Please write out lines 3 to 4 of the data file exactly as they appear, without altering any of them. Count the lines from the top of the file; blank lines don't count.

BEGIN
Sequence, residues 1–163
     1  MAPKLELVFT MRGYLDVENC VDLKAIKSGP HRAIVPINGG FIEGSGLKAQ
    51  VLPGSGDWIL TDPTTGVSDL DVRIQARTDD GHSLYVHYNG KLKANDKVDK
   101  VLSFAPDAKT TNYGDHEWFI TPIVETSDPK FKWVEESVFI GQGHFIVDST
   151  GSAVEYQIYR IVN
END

    51  VLPGSGDWIL TDPTTGVSDL DVRIQARTDD GHSLYVHYNG KLKANDKVDK
   101  VLSFAPDAKT TNYGDHEWFI TPIVETSDPK FKWVEESVFI GQGHFIVDST